Pollution

Climate change may reduce carbon dioxide uptake by forests: Study

Tree growth in Arizona will decline 22-117% under future climatic conditions

 
By Susan Chacko
Published: Tuesday 15 February 2022
Climate change may reduce carbon storage capacity of forests: Study Photo: Katja Schulz / Wikimedia Commons

That climate change is affecting biodiversity has been evident for some time now. Species of fauna being endangered is routinely reported around the world. But how is the impact on the planet’s flora?
 
A new study set out to study that among ponderosa pines in Arizona, United States. What they found was alarming: Growth in the species will decline by 56-91 per cent, considering future climate scenarios.
 
Tree vulnerability to climate stress increases with greater competition, tree size and at poor sites, the report in Global Change Biology showed.

The study was led by the University of Arizona. The researchers combined tree ring data with census data from the United States Forest Service. This helped them assess the size of trees in a given year.

Combining the data sets also helped them understand how the trees responded to climate variables, such as variation in rainfall and temperature yearly, as well as ecological characteristics such as competition with other trees, soil quality and tree diameter.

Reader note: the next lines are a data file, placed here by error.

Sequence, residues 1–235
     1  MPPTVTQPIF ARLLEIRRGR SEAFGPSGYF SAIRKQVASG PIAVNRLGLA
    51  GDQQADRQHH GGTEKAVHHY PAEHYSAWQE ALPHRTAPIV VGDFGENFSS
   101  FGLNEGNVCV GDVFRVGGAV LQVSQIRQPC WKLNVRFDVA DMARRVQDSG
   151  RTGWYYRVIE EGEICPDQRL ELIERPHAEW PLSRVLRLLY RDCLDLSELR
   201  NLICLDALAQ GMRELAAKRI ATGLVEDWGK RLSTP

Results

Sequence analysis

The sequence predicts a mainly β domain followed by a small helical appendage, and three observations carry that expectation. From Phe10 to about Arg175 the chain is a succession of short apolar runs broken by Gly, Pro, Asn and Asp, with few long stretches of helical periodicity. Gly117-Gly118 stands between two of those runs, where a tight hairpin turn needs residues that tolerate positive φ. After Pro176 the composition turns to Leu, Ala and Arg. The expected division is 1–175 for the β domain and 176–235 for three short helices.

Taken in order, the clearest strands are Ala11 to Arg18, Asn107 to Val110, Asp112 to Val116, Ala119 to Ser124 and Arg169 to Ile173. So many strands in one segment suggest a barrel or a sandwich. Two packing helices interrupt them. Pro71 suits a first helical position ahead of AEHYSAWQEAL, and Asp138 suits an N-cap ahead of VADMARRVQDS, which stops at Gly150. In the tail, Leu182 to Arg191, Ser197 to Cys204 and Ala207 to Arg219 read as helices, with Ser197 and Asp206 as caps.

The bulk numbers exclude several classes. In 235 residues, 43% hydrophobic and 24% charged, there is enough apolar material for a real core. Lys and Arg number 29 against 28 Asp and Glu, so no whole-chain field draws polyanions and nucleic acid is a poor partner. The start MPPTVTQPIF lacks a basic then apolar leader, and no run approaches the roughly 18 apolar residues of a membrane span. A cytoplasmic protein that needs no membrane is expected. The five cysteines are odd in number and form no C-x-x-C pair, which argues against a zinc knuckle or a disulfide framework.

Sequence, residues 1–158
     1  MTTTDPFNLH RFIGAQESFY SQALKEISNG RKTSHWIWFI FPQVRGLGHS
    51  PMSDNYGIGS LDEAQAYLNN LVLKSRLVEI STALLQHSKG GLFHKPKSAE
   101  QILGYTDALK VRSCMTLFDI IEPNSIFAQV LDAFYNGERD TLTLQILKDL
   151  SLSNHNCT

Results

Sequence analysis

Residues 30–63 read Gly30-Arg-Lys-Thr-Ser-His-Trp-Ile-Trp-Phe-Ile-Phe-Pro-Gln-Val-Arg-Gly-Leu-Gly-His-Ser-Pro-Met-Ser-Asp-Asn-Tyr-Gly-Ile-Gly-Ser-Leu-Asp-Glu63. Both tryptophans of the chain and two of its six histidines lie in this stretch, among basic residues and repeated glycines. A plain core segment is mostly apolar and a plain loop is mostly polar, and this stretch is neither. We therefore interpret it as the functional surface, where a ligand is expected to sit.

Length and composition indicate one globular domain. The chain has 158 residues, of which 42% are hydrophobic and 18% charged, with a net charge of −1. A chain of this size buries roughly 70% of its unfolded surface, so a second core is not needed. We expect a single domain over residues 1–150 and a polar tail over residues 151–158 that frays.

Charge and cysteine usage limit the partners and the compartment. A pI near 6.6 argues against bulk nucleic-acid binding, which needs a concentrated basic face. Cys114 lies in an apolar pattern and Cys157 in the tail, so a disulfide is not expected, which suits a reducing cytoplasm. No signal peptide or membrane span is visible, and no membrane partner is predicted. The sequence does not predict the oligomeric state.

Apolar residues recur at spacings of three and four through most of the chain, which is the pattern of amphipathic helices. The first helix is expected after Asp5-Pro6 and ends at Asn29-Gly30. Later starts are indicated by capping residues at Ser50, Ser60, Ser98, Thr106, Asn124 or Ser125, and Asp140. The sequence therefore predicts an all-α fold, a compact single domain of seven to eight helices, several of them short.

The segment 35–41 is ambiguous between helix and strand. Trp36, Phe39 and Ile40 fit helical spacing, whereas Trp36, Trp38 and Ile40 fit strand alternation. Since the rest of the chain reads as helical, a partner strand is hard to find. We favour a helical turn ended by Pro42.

This helped them get a more complete picture of what drives tree growth than what traditional models provided.

A strong negative effect of fall–spring maximum temperature and a positive effect of water-year precipitation on tree growth was found. Tree growth will decline 22-117 per cent under future climatic conditions, the researchers forecast. The combined effect of climate and size-related trends can result in a 56-91 per cent decline, the report said. 

“The growth declines we’re forecasting will mean less uptake of atmospheric carbon dioxide in the future by Arizona's forests,” Kelly Heilman, lead author associated with the laboratory of tree ring research, University of Arizona.

Arizona's forests are relatively small in terms of their contribution to the total US carbon sequestration but the research approach can be used to make the same predictions for forests around the world, she added. 

Fewer ponderosa pines grew in Arizona as temperature increased, the researchers wrote. This was especially true for the largest trees. Taller trees were found to be more vulnerable to droughts driven by high temperatures, according to the report. 

The smaller trees were more vulnerable to drought driven by lack of water, it added. Their smaller roots, which covered a smaller area than the roots of larger trees, struggled to extract moisture from the soil, the scientists noted.

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